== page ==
I don't see myself as an "it girl" if that's what you're asking. But there's a bit of me in everything I do. I definitely started off styling and realized I'm not creatively fulfilled by styling. I'm just facilitating somebody else's vision. And I had to deal with some bullshit situations and crazy divas. I just had to say "this isn't for me." And it was a bit of a bummer because I ended up in London and I was styling really big bands and doing really well. It was that realization: "oh, I've made it, and I hate it." You know, "oh bummer, I worked so hard to get this career. Now I have it and I'm going to destroy it."
But I think there's also a bit of the lead actress, Misty Fox, too. Misty is an ex model. She's modelled all over the world. So she understands that situation of being where you think you want to be and then saying "okay, now what?" It's kind of a story arc you can put into any setting, except the setting that I've chosen is one that I know so well.
You have members of Fucked Up, Broken Social Scene and Lioness doing bit parts. Was that your way of representing your work as a music video director?
In a way Toronto's got such a rich indie scene that there's a lot to work with. I'm here, I might as well make use of all the amazing resources that are here as well. And I thought it would be funny to get cameos from all these fantastic, talented musicians and then ask them really stupid questions.
Do you have a favourite so far?
Brendan Canning is hilarious. We ask him "you recently scored a film with Lindsay Lohan. What do you think it would take to score with Lindsay Lohan?" He gave us too many funny answers for us to pack it all in, and it was pretty much all improvised. Sandy Miranda from Fucked Up was an important one for me, too. She comes in and says "let me guess, you asked the guys all the music questions." Because I get that all the time, questions like "what's it like being a woman in film?" Like, "oh wow, what a novelty, a girl in the film industry." And now with the success of the show Girls, there's all this thinking in the industry, "oh wait, girls can do things too," as if "female" is some sort of new trend.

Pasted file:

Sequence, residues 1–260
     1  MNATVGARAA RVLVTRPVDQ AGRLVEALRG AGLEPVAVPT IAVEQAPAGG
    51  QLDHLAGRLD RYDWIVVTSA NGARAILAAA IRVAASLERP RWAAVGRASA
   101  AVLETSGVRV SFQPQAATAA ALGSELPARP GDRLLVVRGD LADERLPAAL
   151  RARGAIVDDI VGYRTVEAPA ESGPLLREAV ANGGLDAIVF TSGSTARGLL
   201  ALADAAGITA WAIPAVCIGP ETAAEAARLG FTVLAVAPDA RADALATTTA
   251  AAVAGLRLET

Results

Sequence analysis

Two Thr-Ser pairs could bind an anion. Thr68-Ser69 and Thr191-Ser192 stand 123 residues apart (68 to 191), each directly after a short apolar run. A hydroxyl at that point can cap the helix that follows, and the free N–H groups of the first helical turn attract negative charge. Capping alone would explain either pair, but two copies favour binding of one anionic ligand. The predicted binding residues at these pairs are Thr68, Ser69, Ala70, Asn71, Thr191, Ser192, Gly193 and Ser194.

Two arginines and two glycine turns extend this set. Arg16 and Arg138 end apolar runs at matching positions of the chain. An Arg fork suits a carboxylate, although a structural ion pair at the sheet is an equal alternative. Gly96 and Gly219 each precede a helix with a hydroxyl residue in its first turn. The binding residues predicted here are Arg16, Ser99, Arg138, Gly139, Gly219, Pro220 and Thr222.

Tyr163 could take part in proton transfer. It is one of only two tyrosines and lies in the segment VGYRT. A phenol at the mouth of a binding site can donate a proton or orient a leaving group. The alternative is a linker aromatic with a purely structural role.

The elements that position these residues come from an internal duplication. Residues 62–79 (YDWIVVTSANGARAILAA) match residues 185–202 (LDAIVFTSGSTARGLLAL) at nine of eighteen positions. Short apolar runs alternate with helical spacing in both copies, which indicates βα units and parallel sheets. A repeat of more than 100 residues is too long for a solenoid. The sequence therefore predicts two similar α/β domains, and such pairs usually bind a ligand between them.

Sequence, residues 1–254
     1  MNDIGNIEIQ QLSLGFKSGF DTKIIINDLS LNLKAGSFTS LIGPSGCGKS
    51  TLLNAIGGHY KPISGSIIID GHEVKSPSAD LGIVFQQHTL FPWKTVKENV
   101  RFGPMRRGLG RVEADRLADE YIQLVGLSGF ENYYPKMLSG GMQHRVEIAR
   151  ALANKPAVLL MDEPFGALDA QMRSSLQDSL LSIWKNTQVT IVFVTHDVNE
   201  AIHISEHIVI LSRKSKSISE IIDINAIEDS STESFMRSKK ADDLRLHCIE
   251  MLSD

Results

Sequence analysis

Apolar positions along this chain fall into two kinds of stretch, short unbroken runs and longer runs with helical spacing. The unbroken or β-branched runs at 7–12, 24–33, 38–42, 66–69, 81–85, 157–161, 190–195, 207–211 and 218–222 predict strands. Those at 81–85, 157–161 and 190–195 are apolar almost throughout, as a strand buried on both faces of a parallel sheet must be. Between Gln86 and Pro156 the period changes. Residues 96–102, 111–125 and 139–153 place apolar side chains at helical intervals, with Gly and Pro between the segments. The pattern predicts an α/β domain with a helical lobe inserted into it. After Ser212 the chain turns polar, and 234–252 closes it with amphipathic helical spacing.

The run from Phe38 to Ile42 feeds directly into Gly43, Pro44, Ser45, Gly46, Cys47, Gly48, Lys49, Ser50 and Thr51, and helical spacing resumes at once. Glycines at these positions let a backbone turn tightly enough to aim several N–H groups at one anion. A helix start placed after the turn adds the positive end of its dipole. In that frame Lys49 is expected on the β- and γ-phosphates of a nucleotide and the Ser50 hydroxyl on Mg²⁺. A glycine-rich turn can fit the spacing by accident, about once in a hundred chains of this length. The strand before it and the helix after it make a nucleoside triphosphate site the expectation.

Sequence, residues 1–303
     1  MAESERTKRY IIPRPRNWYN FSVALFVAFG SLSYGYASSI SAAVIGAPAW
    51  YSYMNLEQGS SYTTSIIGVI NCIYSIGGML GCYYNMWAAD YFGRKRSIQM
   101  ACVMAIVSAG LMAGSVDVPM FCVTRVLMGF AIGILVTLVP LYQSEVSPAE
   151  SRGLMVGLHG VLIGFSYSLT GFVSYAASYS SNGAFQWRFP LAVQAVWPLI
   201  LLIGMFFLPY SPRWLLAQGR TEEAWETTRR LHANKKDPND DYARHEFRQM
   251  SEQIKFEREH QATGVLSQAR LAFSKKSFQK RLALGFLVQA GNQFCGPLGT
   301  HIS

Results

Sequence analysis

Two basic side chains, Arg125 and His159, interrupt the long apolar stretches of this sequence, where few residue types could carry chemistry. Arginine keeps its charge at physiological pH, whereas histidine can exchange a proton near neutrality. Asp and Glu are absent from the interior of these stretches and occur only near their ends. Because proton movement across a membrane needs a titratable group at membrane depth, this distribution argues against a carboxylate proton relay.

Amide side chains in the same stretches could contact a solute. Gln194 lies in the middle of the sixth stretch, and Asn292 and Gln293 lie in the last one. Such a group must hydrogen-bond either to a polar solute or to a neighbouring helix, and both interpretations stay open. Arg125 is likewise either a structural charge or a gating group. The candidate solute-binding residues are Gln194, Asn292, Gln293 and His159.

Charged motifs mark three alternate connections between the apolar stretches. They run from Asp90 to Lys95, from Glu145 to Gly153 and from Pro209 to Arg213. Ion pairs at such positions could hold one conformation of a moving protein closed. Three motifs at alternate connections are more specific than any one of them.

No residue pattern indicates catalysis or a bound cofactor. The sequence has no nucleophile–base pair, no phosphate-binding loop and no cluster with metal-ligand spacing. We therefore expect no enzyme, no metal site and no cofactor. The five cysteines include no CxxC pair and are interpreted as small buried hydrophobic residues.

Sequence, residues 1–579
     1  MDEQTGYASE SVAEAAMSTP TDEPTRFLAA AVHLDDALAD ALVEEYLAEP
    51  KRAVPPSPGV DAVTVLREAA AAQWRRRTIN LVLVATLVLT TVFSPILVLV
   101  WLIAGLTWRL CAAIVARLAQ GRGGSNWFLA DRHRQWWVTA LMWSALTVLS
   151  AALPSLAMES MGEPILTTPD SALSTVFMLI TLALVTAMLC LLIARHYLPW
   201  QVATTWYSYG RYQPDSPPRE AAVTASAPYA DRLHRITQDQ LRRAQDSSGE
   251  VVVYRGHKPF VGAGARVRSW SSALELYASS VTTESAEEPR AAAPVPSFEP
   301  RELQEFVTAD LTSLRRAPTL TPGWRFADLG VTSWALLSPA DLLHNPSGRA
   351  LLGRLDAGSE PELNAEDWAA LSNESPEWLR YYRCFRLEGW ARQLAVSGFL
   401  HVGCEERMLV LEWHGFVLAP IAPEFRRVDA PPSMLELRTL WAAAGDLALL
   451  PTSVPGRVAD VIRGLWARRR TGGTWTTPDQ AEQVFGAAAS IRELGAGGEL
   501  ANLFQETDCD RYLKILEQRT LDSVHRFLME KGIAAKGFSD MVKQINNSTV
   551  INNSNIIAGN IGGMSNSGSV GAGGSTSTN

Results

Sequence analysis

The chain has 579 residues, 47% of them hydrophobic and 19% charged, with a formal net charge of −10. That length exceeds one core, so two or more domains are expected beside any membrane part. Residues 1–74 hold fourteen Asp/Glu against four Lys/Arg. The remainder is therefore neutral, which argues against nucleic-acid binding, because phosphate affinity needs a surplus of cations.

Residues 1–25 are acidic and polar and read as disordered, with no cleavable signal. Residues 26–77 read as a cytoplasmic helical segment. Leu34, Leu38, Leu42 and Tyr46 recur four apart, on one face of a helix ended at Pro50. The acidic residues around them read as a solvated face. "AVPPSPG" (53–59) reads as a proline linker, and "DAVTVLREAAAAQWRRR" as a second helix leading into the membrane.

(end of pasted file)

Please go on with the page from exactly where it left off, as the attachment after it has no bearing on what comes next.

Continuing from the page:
Jason Couse from the Darcys is a lead actor. How did you end up with him as a main character?
We had this character in mind. He's the best friend band guy, because every "it girl" has to have a best friend band guy, and we were sitting there forever saying "who is this guy?" We were looking at actors, but I felt like they were always acting like actors. We just wanted him to be a charming, chill dude, which is sort of what Jason is. We asked him and he said "I don't know if I can act." So we just told him to be himself, and he totally nailed it. He's a natural in front of the camera, and he and Misty have great chemistry.
The trailer is scored by Beliefs, a local band that's kind of blowing up. Are you planning to incorporate more music in the series?
Yes, absolutely. If It Girl goes ahead as a web series, one of the things we want to do is commission a new song from a band every episode. And so that will be the theme song for that show. The Canadian music is so amazing right now that we can actually do this without the well running dry.